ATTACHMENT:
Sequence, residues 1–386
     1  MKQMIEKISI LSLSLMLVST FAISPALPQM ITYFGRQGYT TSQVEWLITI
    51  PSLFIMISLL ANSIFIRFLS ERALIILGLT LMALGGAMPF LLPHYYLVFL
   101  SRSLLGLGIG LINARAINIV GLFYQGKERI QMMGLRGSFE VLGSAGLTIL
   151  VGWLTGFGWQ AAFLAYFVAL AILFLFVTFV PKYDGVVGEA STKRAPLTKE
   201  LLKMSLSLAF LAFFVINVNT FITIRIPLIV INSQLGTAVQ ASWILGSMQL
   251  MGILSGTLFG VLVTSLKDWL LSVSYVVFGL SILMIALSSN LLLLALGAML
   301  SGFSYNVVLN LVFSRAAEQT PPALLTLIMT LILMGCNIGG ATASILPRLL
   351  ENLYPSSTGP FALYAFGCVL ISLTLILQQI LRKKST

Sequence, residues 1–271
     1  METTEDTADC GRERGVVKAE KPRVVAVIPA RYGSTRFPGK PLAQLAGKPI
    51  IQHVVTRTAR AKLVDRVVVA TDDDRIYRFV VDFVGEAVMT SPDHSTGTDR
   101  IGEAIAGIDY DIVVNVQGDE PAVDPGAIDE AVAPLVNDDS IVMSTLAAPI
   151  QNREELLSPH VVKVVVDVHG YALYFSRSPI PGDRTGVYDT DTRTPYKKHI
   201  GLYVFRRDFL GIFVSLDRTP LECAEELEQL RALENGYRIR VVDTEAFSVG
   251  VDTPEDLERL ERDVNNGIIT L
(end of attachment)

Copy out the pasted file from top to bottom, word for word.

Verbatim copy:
Sequence, residues 1–386
     1  MKQMIEKISI LSLSLMLVST FAISPALPQM ITYFGRQGYT TSQVEWLITI
    51  PSLFIMISLL ANSIFIRFLS ERALIILGLT LMALGGAMPF LLPHYYLVFL
   101  SRSLLGLGIG LINARAINIV GLFYQGKERI QMMGLRGSFE VLGSAGLTIL
   151  VGWLTGFGWQ AAFLAYFVAL AILFLFVTFV PKYDGVVGEA STKRAPLTKE
   201  LLKMSLSLAF LAFFVINVNT FITIRIPLIV INSQLGTAVQ ASWILGSMQL
   251  MGILSGTLFG VLVTSLKDWL LSVSYVVFGL SILMIALSSN LLLLALGAML
   301  SGFSYNVVLN LVFSRAAEQT PPALLTLIMT LILMGCNIGG ATASILPRLL
   351  ENLYPSSTGP FALYAFGCVL ISLTLILQQI LRKKST

Sequence, residues 1–271
     1  METTEDTADC GRERGVVKAE KPRVVAVIPA RYGSTRFPGK PLAQLAGKPI
    51  IQHVVTRTAR AKLVDRVVVA TDDDRIYRFV VDFVGEAVMT SPDHSTGTDR
   101  IGEAIAGIDY DIVVNVQGDE PAVDPGAIDE AVAPLVNDDS IVMSTLAAPI
   151  QNREELLSPH VVKVVVDVHG YALYFSRSPI PGDRTGVYDT DTRTPYKKHI
   201  GLYVFRRDFL GIFVSLDRTP LECAEELEQL RALENGYRIR VVDTEAFSVG
   251  VDTPEDLERL ERDVNNGIIT L